I finally met Jack in the elevator. His campaign smile immediately sank, then went rigid. There was no grip in his handshake. His face was expressionless; the eyes as icy as the feeling you get watching yourself squirm in six pairs of Secret Service reflector shades.
Later, over dinner at his hotel, Jack remained distant. Talking issues, his studied tone sounded mostly like he was on automatic pilot. Understandably. The pace had been grueling ever since Ronald Reagan’s sudden resurrection in the Texas primary a month before. And besides, Jack would have rather been back in Washington, checking out the Eagles-Jackson Browne-Linda Ronstadt concert. But wait. Wasn’t that a benefit for . . .
“Jerry Brown.” Jack’s voice was matter-of-fact. “Yeah, that should be a good show. But there’ll be plenty of concerts this summer. Frampton is coming. He’s a pretty hot dude.”
We inched through another half-hour of small talk — about the Playboy interview in which Abbie Hoffman called his father “a fucking bimbo . . . [who posed for a picture] marmalading the wrong side of his English muffins” (“I kinda liked that interview,” Jack ventured), est and Scientology (“I lost a couple of friends to those organizations”), Hunter Thompson (“What kind of guy is he?”), Ron Nessen’s appearance on NBC Saturday Night (“I didn’t see it, but I don’t think it was too popular around the White House”) and about his notorious fling with Bianca Jagger last summer (silence). With the exception of a few brief glimmers of animation, Jack was wooden throughout. At the mention of being photographed for a magazine cover, he stiffened even further.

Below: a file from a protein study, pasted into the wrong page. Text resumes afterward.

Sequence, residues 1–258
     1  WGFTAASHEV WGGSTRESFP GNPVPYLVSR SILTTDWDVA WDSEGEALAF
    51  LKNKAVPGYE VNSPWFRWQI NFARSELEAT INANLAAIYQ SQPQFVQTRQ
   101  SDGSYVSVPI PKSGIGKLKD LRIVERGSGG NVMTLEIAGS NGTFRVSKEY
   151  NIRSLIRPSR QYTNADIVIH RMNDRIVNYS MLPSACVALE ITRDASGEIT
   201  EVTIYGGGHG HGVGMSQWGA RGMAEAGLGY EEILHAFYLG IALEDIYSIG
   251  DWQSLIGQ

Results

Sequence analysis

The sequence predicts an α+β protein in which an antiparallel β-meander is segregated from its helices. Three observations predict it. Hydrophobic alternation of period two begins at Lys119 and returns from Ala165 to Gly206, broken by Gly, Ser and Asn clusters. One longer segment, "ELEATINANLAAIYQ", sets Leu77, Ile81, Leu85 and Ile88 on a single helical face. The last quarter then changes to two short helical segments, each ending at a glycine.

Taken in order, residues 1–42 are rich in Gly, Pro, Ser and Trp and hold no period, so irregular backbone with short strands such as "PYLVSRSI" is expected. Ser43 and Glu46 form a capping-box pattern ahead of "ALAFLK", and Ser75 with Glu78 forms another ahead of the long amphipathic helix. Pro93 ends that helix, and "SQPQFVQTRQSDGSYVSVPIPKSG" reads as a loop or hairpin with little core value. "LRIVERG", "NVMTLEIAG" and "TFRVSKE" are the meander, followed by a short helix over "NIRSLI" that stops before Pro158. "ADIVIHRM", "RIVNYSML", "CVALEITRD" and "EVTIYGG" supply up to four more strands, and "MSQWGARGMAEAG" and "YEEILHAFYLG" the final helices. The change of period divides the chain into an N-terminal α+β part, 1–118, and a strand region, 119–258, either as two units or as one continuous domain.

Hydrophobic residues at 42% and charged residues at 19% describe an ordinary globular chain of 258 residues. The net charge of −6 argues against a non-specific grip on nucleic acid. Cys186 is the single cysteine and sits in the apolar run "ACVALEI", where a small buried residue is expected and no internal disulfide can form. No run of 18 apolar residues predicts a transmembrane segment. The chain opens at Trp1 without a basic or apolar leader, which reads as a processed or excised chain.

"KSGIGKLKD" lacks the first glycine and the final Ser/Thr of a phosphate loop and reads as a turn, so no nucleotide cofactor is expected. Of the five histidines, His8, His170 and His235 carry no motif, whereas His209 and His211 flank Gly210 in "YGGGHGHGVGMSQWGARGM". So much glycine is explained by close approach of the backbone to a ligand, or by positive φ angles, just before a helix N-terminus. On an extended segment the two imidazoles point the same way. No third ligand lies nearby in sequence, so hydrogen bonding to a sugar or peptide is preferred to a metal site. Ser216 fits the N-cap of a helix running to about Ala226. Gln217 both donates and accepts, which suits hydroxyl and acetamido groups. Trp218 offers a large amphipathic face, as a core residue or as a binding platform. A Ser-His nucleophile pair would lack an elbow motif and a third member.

And finally I understood. Perhaps this wasn’t quite the White House coaching him to play it straight, after all. Maybe Jack was nervous.
He sighed and toyed with his cheeseburger. “Well, yeah, a little bit. I knew you guys would catch up with me sooner or later. I’ve been kinda waiting around, wondering when Rolling Stone would show up.
“When I finally heard you wanted to come out on the campaign, I got really unsure. All the delays you got from the White House. That was me going back and forth on the whole idea. Ultimately, Sheila convinced me it was a good thing to do. . . .”
Scared of what?
“Well, I wasn’t really scared.” More cheeseburger fiddling. “I was leery about whether it was an interview . . . uhm, in terms of Jack Ford or whether it was an interview where I could convey my father’s message a little bit better. I’m not looking for publicity. It isn’t my personality to be even campaigning like this, much less doing interviews. I just wanted to participate. I’ll never get a chance to do it again. Besides, none of my brothers or my sister were really up for it . . . the public campaigning. Susan’s not political. She thinks politics are boring. Mike is real intense—all he wants to do is graduate from divinity school and preach the gospel. Steven is only a little active. He spends most of his time on a ranch in California — Mission Viejo I think it is — and going to college at Cal Poly. So that leaves me.